School Nurse Creates Healthy, Fun and Life-Changing Programs

July 25, 2014 | Written By:

Kay Stukenborg’s story

Above, a drawing from Kay Stukenborg's student-created cookbook of budget-friendly meals.

This spring, HSC was proud to announce the winners of our first-ever School Nurse Leadership Award. It’s an award that acknowledges the tireless commitments that school nurses make, created in partnership with School Health magazine and Maico Diagnostics. The five winners and four honorable mentions selected from across the country represent school nurses who are blazing new trails in their field, reimagining the role that school nurses play in school health and wellness, students’ academic success and the health of the larger community. In this blog, we speak with winner Kay Stukenborg about her accomplishments as a school nurse.


Kay Stukenborg, RN, BSN, MSA, remembers when she first began as a school nurse in Kettering, Ohio at John F. Kennedy Elementary School. She’d come from years as a cardiac nurse, and turning her attention to the school community was eye-opening. “When I started 15 years ago, I would see all these kids who were overweight,” she says, “and I was kind of stunned by that.”

At the same time, Kay immediately saw all the benefits of school nursing in Kettering. She recalls: “I looked at the community as a circle, and everyone is interconnected… you all work together for that community to thrive.”

With that in mind, Kay began pioneering some of the many programs that would make her an invaluable asset to the area. For example, her Heart Healthy Day brings in a mobile “Heart Bus” and educators from the YMCA. Each grade then has special activities to learn about heart health, fun ways to be physical, and nutrition.

“If you learn those heart-healthy habits when you’re young you have a better chance of not being an overweight adult,” she says.

Sending critical, consistent messages

Kay’s school has a very diverse population, with 32 countries and 28 language groups represented. Many live in low-income housing, and over half receive free and reduced-price lunch. Research shows that low-income students are more vulnerable to chronic health problems, and building consistent healthy habits is critical to students’ lifelong health.

With consistent, healthy messages in mind, Kay’s Budget-Friendly Foods program connects schools with homes, changing students’ eating habits and promoting creativity in the kitchen. It was designed for students who receive free groceries on Fridays to ensure they don’t go hungry over the weekend. With Kay’s program, students learn to prepare their own easy meals, which can be made without a stove.

The project has helped engage students — and their families — in healthier eating. She tells the story of one boy with a troubled home life, who was inspired to go home and make yogurt parfaits for his entire family. The next morning, she says, “he came in and gave me the biggest hug and said, ‘Nurse Kay, thanks for caring about me.’ To me, that’s what school nursing is”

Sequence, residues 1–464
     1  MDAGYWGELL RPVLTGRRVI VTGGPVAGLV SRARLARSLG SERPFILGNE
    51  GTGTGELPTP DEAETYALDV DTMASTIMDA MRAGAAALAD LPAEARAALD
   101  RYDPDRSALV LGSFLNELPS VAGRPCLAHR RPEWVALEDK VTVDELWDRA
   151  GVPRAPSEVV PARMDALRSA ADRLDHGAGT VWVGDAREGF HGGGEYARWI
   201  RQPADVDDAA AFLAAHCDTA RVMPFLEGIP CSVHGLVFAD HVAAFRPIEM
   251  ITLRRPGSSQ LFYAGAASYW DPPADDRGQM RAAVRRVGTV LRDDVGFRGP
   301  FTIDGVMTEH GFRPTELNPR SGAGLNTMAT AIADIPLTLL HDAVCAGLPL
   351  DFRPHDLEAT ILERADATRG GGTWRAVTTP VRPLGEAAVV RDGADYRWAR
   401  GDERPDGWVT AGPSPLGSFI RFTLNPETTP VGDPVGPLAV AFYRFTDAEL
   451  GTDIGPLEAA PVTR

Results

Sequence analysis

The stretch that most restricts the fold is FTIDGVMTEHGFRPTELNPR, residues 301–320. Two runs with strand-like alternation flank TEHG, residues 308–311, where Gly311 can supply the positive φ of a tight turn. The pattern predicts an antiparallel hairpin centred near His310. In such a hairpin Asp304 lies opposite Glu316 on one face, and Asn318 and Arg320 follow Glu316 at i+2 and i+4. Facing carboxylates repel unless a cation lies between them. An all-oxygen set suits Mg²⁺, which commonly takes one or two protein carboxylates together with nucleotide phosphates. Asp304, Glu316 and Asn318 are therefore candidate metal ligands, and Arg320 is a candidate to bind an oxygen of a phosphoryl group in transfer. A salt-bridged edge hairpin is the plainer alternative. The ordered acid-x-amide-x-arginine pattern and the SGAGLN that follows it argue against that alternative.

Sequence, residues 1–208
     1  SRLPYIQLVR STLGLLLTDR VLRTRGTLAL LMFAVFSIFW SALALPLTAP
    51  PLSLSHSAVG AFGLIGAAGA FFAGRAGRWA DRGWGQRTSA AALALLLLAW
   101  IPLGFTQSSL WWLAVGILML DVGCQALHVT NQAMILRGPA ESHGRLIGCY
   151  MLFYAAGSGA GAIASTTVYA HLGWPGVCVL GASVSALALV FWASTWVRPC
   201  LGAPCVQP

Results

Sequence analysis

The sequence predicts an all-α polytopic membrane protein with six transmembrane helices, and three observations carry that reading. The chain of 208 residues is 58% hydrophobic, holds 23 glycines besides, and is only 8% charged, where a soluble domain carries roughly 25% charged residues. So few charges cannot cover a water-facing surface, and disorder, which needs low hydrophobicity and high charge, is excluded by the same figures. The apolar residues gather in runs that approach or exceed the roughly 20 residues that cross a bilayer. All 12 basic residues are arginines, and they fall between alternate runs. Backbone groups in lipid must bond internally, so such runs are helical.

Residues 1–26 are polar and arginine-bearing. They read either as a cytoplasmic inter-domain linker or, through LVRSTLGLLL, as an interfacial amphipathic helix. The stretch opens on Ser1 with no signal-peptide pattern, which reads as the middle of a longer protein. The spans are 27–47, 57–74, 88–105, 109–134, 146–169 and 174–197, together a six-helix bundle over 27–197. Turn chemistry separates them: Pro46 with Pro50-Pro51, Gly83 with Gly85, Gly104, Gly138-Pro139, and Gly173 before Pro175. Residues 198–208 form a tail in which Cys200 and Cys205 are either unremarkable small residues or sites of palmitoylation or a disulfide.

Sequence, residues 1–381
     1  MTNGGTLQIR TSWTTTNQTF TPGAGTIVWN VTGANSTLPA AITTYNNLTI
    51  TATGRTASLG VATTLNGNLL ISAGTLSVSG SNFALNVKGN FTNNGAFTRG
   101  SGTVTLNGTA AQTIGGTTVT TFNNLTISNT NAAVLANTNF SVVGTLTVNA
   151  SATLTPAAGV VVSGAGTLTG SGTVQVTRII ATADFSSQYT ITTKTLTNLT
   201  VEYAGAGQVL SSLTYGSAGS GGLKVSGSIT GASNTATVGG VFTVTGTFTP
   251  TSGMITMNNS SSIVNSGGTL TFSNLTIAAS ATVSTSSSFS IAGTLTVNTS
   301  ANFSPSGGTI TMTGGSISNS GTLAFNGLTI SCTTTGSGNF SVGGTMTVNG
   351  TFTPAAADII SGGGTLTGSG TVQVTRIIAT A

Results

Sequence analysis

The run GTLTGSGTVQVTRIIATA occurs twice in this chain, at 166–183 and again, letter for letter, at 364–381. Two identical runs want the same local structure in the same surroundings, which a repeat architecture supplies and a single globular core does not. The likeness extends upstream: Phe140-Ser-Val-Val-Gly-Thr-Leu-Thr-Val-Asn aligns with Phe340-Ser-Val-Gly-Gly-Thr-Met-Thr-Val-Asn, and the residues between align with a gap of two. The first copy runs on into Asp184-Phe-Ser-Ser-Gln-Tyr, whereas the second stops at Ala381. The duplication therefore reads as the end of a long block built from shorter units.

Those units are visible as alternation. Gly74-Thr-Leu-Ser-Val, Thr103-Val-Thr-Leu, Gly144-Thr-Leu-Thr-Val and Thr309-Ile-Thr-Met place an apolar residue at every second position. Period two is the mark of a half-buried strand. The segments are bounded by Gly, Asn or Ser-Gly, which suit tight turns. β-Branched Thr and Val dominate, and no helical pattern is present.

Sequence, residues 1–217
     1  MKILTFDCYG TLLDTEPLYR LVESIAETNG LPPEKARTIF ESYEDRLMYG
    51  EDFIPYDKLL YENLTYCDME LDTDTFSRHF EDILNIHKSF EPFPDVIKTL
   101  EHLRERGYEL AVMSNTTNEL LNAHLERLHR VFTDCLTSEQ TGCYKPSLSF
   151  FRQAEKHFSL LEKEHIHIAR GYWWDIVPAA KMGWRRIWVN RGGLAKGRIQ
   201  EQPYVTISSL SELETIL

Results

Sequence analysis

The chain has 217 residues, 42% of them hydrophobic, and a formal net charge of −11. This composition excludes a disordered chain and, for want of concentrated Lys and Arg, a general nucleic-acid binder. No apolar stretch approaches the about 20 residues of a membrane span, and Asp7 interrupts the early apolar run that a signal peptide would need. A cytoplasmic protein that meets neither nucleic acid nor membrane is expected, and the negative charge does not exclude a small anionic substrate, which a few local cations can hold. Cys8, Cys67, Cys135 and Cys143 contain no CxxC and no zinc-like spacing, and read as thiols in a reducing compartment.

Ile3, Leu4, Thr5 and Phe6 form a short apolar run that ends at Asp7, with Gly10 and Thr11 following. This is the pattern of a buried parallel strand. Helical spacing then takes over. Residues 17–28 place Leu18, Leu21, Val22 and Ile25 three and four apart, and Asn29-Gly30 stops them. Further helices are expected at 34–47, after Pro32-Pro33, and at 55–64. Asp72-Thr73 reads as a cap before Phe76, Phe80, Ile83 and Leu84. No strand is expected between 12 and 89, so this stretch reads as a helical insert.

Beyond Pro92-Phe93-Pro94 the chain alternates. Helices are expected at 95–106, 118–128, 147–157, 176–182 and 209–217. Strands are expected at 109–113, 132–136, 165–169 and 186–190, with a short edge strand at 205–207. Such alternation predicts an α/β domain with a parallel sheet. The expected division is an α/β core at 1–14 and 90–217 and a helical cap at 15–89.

But the project didn’t stop there. Students began drawing pictures to go with the recipes they made, forming the beginnings of a cookbook. With the $300 proceeds from cookbook sales, Kay started another program promoting good manners at mealtime, preparing students to enter the real world with confidence and healthy habits.

Working together for student health

Under Kay’s leadership, the idea of school nursing has expanded way beyond Band-Aids. Other special programs in Kettering have included a Mobile Eye Unit, which checked for vision problems, and a Mobile Dental Unit, for oral health. Not to mention — lessons in street safety, proper hydration, bike helmets and much more. Recently she added a walk-a-thon to the school’s wellness activities, inviting local “celebrities” such as the librarian and the mayor to participate. Kay says: “School nurses do a lot, and really we can make a difference.”

It’s about engaging kids in the mission of staying healthy, creating healthy habits for a lifetime. And most importantly, it’s about working together as a school community.

“This all has to start with teamwork,” Kay says. “You have one person who comes up with that idea, but I have to have other individuals working with me to make that idea a reality.”

Some of her programs have even been in place for more than a decade, creating consistent messages and forging long-lasting community partnerships. Her school’s principal says: “The important theme is her ability to identify needs of her students, have an idea for change and try to improve and make a difference in these kids’ lives.”

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